That leaves us with three teams remaining, the Jacksonville Jaguars, Oakland Raiders, and San Diego Chargers.  Even with their improvements in attendance over the past season, the Jaguars have some of the most questionable finances in the league, exist in a relatively small market surrounded by more entrenched competitors, and still have reason to doubt their fan support.  The Raiders have an oddball owner, a hated and mostly incompetent team management staff that has made mistake after mistake when it comes to roster and draft decisions, play in a horrible stadium, and have a history in the L.A. area as well as a still sizable fan presence in the city.  The Chargers, despite their success on the field, play in a stadium they want to replace and believe that they aren’t supported by the fans as much as they should be.

However, even among these final three, their chances still are not equal.  I’d highlight the Chargers as being the biggest wildcard among these three teams.  I believe that they are likely more interested in staying in the San Diego area, as they are in the process of shopping around the surrounding region for a potential home and partner for a new facility.  More likely than the Jaguars and the Raiders, I think that they’d be more interested in threatening to move to get what they want in their current surroundings versus actually moving.  However, while I’d rank them as being less likely than the Jags and Raiders, I wouldn’t put them on the same level of unlikelihood as the 49ers and Vikings.  The Chargers, more so than any other team listed, probably have the most variance in their options.  I wouldn’t be surprised if they moved or if they stayed, but they are not even close to being the most or least likely candidate for relocation.  Like I already said above, they will be the wild card and will be entirely dependent on if they can get San Diego-area public financing for a new stadium.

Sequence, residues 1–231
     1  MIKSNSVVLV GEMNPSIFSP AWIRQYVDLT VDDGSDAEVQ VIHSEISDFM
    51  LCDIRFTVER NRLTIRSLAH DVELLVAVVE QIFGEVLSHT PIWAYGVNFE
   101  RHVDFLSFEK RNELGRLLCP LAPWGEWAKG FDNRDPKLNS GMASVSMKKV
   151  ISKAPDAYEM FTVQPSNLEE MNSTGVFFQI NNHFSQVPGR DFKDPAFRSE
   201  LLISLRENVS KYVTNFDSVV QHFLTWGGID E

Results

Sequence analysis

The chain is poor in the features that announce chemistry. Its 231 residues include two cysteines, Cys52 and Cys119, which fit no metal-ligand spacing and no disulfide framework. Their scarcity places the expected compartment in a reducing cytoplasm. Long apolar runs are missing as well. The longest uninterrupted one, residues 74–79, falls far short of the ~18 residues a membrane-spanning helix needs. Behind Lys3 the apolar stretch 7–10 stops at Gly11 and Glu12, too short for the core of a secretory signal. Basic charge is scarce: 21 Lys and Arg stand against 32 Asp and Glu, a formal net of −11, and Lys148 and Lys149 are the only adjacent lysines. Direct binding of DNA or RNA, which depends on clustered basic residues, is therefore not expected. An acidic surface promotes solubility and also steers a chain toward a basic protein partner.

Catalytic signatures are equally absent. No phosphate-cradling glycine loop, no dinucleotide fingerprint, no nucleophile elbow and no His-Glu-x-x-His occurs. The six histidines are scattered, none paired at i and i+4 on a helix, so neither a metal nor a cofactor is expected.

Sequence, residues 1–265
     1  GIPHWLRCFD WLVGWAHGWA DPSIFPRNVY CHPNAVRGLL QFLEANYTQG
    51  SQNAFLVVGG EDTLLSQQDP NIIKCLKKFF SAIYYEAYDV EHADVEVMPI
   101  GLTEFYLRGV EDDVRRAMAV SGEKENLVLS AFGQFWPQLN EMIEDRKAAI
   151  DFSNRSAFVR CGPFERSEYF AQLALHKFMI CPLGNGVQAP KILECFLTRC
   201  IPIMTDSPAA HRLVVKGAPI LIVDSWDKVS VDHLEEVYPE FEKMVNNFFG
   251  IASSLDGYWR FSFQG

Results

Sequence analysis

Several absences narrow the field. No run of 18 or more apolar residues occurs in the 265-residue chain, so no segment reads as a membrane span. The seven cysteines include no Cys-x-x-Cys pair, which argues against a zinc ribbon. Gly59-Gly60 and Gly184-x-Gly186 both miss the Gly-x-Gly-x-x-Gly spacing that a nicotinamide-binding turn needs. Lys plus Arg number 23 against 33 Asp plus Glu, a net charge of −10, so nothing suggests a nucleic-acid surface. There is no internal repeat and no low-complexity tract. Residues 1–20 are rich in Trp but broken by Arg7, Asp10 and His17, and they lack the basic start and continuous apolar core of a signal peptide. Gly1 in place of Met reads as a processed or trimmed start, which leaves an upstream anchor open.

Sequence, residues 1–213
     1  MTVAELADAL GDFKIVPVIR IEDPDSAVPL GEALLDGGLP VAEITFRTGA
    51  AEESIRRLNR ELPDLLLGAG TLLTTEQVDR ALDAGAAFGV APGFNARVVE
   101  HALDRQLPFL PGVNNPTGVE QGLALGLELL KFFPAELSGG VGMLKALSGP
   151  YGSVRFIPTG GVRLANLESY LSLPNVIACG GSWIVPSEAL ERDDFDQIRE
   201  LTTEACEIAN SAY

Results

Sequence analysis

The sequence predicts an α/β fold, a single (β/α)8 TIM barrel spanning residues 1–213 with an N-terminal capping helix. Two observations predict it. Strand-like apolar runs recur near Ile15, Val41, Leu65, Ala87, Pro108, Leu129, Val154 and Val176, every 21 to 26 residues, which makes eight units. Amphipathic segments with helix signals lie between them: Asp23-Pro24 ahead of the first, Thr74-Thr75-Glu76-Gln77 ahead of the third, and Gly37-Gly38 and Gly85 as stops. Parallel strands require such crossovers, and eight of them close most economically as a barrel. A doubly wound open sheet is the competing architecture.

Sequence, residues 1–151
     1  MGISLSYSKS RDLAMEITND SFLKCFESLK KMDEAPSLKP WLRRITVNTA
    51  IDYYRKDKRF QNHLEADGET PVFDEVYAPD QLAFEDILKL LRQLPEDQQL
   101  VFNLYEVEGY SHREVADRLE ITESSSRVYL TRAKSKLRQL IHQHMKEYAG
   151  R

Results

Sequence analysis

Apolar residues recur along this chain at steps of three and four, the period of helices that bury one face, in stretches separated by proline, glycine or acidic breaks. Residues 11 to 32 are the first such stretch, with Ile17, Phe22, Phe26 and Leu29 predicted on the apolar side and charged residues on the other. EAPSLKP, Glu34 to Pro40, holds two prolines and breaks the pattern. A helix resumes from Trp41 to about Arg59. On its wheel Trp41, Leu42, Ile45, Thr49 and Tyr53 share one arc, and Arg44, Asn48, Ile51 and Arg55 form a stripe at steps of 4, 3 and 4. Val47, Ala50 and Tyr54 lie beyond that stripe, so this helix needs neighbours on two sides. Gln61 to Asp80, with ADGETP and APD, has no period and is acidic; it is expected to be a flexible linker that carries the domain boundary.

That leaves us with the Jaguars and the Raiders, the two teams I’d identify as being the most likely candidates for moving to the City of Angels.  Both teams have serious financial problems, with the Raiders having more management and stadium issues plaguing them while the Jaguars are mostly troubled by their questionable market size.  These very real issues have weighed heavily on both franchises over the years, to the point where they have to be considering their options in L.A. and are undoubtedly being courted by the competing stadium plans.  The Raiders would seem to have a less of a league barrier to a move, as a relocation would not necessitate a divisional realignment as would likely be necessary if the Florida-based Jaguars set up shop in California.  However, I’d also rank the inherent structural problems of the Jaguars as being greater than the Raiders, effectively evening their chances.

However, just like how neither team could move and this entire conversation could be for naught, more than one team could make the jump as well.  With competing stadium plans, both development groups could very well push for a team of their own and still likely be profitable competing in a two-team Los Angeles area, much in the same way that the region already supports two baseball teams, two hockey teams, and two (perhaps three) basketball teams.  Additionally, the backers of the City of Industry bid have already expressed their intention to try to draw two NFL teams to share their facility in the same way that the Jets and the Giants share a home in New Jersey.  Despite that, I’d honestly have to say that two L.A. teams is a pie-in-the-sky dream for Los Angeles fans, especially when you remember that the last time the City of Angels had two NFL teams they both abandoned the area within a few months of each other.  More likely than not, if the NFL returns to Los Angeles in the near future it will just be one team…

… and if I were a betting man, I’d lay money on it being either the Jaguars or the Raiders.